New Protections for Employees of Certain Health Care Organizations in New Jersey | Cozen O’Connor

Healthcare organizations, home health agencies and staffing registries considering a transaction in New Jersey will need to keep in mind the new obligations to certain employees. On August 18, 2022, Governor Murphy signed into law New Jersey Senate Bill 315 (the “Act”), which created broad protections for many health care workers in the event of a change in control. The law requires that any change in control be made pursuant to a contract or agreement between the parties that preserves the wages, benefits and employment status of eligible employees.

Health Entities Covered: Act covers health care facilities licensed under NJSA 26:211-1 and so on., which include, among others, general hospitals, diagnostic centers, treatment centers, rehabilitation centers, skilled nursing homes, nursing homes, outpatient clinics, home health agencies, and residential health facilities. The act also covers personnel registries and home care service agencies designated under NJSA 45:11-23.

Covered Transactions: “Change in Control” is broadly defined to include any transaction involving the sale, disposition or transfer of all or substantially all of the assets used in the operations of a healthcare entity, or of a controlling interest in such entity, and any event or a series of events, including the purchase, sale, or termination of a management or lease agreement, that results in a change in the identity of the employer of the healthcare entity. “Change in Control” does not include a change in control transaction in which both parties involved are governmental entities.

Covered Employees: The law protects all current employees employed by an affected healthcare facility during the 90-day period immediately preceding the change in management; other than (i) employees who are exempt from overtime under the executive exemption under the New Jersey Wage and Hour Law; and (ii) any employee terminated for cause during the 90-day period. The law also covers former employees of a health care organization who retain their rights to withdraw under an agreement with their former health care organization employer.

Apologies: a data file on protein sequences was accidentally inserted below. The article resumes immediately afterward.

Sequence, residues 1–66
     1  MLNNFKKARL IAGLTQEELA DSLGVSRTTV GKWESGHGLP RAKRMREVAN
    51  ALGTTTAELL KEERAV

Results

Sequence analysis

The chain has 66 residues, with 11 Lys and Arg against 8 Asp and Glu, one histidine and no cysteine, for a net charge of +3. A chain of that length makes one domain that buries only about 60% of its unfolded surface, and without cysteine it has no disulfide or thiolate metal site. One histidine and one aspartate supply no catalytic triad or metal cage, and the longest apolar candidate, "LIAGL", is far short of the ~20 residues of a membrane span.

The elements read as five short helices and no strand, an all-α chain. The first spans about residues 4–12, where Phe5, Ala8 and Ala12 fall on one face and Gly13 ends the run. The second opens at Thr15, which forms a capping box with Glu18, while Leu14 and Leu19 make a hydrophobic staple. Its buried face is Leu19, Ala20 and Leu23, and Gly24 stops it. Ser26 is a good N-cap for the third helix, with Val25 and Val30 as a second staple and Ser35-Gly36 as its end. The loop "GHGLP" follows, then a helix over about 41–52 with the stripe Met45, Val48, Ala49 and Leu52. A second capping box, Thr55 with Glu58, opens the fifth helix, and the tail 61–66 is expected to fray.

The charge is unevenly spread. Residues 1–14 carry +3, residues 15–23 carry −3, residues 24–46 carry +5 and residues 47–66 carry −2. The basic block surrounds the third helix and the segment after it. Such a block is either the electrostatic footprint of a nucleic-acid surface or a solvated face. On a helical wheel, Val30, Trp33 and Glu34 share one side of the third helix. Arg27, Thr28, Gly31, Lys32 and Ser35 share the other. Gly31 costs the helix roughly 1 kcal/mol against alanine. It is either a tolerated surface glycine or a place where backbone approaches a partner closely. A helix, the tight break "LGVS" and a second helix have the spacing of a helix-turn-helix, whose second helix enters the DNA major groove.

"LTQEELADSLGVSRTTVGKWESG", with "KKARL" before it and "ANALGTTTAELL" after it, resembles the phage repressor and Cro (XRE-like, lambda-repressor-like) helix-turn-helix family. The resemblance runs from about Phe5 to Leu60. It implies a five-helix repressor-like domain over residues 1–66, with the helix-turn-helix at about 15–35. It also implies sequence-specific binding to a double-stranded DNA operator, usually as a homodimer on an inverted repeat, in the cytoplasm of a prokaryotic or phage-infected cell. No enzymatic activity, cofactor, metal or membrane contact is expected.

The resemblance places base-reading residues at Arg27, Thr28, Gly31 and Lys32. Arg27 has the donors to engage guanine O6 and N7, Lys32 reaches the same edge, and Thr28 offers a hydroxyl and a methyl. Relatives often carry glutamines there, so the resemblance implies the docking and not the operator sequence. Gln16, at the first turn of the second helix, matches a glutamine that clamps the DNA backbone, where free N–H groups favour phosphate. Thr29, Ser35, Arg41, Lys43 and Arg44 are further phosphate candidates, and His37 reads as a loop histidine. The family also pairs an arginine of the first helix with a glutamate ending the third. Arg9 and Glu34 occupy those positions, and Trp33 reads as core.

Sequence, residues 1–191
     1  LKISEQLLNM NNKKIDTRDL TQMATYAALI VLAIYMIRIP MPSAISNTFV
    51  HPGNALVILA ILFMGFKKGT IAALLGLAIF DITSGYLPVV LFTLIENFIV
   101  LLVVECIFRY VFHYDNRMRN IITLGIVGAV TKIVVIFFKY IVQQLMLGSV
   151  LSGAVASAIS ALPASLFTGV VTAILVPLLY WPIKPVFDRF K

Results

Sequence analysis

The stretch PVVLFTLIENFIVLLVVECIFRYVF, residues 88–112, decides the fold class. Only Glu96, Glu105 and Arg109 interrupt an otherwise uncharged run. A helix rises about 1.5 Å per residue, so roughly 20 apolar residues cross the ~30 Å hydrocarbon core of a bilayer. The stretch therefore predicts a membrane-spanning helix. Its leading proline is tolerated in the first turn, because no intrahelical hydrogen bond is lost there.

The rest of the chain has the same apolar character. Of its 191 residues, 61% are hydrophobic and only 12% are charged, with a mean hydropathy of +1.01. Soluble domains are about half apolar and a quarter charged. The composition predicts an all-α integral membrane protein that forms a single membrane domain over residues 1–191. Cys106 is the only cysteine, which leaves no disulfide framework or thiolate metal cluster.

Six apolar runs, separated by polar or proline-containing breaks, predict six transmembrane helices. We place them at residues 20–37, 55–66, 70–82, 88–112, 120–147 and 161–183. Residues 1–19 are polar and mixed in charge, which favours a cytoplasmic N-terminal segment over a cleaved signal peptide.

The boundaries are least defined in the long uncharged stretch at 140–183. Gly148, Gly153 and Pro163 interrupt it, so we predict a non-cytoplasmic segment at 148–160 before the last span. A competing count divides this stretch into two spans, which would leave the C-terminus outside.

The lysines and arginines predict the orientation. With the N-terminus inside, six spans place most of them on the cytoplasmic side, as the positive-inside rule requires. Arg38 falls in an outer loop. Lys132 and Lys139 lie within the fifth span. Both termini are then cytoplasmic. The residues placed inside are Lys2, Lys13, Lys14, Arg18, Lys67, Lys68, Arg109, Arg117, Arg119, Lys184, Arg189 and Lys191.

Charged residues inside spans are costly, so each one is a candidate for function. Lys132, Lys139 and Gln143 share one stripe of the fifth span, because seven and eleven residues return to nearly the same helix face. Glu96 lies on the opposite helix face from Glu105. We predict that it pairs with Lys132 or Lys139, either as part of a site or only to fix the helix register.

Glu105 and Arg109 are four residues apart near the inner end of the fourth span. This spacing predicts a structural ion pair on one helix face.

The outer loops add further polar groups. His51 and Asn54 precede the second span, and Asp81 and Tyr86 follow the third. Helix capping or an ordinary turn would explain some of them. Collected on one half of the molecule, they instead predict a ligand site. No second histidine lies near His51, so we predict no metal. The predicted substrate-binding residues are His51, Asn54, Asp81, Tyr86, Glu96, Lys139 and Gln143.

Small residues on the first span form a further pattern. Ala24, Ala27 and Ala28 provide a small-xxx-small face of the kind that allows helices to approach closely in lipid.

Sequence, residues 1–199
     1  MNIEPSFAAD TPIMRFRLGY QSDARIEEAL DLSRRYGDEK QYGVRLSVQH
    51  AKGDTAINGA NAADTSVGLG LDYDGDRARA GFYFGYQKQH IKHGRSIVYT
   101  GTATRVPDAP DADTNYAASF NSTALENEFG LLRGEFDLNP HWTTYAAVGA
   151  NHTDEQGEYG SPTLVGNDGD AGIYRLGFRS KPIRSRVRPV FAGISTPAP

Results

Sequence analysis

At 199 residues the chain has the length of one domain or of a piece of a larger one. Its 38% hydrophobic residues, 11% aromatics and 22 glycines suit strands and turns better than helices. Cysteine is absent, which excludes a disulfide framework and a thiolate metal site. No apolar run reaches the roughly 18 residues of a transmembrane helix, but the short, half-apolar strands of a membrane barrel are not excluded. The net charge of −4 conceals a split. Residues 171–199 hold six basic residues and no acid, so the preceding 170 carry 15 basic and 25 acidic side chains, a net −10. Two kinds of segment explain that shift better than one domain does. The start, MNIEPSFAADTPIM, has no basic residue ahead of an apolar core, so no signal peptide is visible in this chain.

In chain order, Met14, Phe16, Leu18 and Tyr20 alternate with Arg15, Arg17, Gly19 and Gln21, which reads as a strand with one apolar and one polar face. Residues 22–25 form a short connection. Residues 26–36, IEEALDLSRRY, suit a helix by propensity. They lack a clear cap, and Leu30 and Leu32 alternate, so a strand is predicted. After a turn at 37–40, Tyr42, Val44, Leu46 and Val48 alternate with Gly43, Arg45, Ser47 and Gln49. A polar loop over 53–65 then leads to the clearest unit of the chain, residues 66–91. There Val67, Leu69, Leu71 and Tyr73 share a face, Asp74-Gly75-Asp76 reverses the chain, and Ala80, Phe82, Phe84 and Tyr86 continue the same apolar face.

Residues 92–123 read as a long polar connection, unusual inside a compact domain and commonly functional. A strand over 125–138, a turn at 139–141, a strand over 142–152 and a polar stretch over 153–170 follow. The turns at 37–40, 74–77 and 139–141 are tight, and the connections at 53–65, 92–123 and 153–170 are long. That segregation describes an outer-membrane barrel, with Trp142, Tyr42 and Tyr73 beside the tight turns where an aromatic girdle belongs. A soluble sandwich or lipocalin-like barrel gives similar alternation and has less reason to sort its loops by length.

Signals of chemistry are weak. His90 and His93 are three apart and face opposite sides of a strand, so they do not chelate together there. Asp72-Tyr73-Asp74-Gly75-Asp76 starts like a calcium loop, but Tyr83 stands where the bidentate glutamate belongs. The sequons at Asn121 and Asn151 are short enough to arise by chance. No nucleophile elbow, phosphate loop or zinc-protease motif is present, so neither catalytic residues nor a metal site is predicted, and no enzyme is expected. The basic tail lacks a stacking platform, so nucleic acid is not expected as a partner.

Effective date: The Act takes effect on November 16, 2022 (“Effective Date”) and applies to contracts or change-of-control agreements entered into on or after the Effective Date.

Required actions: By law, at least 30 days before a change in control, a covered health care organization that changes control must provide the receiving health care organization and any applicable collective bargaining representative with a list containing name, address, date of hire, telephone number, salary rate and employment classification of each eligible employee. The covered health care facility must also inform all eligible employees of their rights under the law and post a notice of those rights in a conspicuous place.

Successor Health Entities must offer continued employment to all eligible employees for a transition period of at least four (4) months following the change in control without reduction in wages, paid time off or the total value of their benefits. Offers must be in writing and remain open for at least ten business days. If the total number of available positions in the successor health care entity is less than the total number of eligible employees, employees must be offered positions based on seniority and experience.

Retained employees may not be terminated during the transition period unless they are released for cause or as a result of downsizing (with employees being retained based on seniority and experience). Laid-off employees must be offered all positions they previously held if those positions are reinstated during the transition period.

At the end of the transition period, each retained eligible employee must undergo a performance evaluation, the results of which must be recorded in writing. If the employee’s performance is satisfactory, the employee should be offered continued employment. Please see here the full text of the law.

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